Student Empowerment: At OP Live, Tyler Schrodt Discussed the 6 Steps for Establishing a Collegiate Esports Program

09 Oct 2018

Student Empowerment: At OP Live, Tyler Schrodt Discussed the 6 Steps for Establishing a Collegiate Esports Program

The first OP Live Dallas esports event was recently held at the Irving Convention Center. The event served as both a thrilling esports competition and esports educations summit. For example, it included the largest collegiate Overwatch tournament in North Texas and provided ways to help students in attendance to create their own esports programs at their schools.

That latter bit of information came from the Powered Talk given by Tyler Schrodt, the CEO of Electronic Gaming Federation (EGF). Schrodt created EGF when he was still in college. Today, EGF is helping students build esports programs on campuses across the nation.

“We work both across high school and college, with the idea that eventually we will get to the point where, if you are a high school student, you can go get a scholarship in college, go pro, and enjoy the same benefits that you would see in traditional sports,” said Schrodt.

“We do that in three primary ways. The first is that we run varsity programs across the country. Second, we handle a lot of development. So, we spend a lot of time working with administrators looking at what competitive teams are, what educational programs look like, and even designing facilities around the country. And the last thing we do is broadcast and event production to make sure that, when these teams are up and running, they have a really great forward step and people get to recognize them.

“The reason that we get to exist is because there are so many colleges now that offer some form of esports scholarship. There are more than 85 across the country, which is this awesome trend that we are seeing. It makes me wish that I had graduated five years later so I could be a part of that.”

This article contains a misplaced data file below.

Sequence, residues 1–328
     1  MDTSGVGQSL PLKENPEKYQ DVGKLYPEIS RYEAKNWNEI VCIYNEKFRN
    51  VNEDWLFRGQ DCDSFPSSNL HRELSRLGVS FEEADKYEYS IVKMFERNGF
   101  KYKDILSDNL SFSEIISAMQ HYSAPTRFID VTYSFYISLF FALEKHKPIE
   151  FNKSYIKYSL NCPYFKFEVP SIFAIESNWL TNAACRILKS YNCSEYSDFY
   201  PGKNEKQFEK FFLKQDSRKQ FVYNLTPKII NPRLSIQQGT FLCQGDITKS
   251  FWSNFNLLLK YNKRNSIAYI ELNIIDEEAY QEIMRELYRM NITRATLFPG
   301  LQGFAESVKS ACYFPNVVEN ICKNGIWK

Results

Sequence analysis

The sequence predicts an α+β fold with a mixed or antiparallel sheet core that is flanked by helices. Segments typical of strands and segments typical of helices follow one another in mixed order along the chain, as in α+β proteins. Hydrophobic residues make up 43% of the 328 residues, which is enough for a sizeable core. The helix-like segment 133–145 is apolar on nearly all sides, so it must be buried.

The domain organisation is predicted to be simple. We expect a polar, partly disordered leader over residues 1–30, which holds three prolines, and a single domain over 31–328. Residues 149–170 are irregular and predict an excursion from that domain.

Schrodt’s presentation was focused on the six steps that students need to take to establish an esports program on their campus.

What’s Your Purpose?

According to Schrodt, the first step is fulling understand the intent and scope of the plan.

“Once you figure out whether you are starting a club for the first time, whether you are looking at how to start something new or get more support for your club all the way up to getting a varsity program: you can’t ask for help unless you know what you actually want,” said Schrodt.

We Need a Plan

Once students have a firm grasp on what they are trying to accomplish with their esports agenda, they need to formulate a plan. This way, when they go before college administrators, they will be able to answer the countless number of questions sure to be thrown their way.

“The biggest things that we find when we work with administrators is they want to know what is already happening on your campus,” said Schrodt. “So, if you are an existing club, they want to know how many members you already have, what kind of events you are participating in, all the different things that really show them that this is important to students. Because you are going to find that a lot of them maybe didn’t grow up in a generation playing video games and so you are going to have to show them why that’s important and why that adds value to what you are doing.”

Photo Credit: UCI Esports

Can You Spare a Moment?

The next step is to schedule a meeting with a school administrator to pitch them on the idea of an organized esports program. This can actually be pretty difficult because administrators are very busy people, especially in larger schools.

“Use your advisor. Use the administrators on campus that you are friendly with and get an introduction from them directly, because that will give you more creditability if you are a student,” said Schrodt. “Sometimes it’s as simple as an email. In the email, you have to focus on why they should be talking to you. Because, again, if they have limited time, you have to show why you are valuable. If the email doesn’t work, the easiest thing is to just show up at their office and schedule a meeting with their secretary.”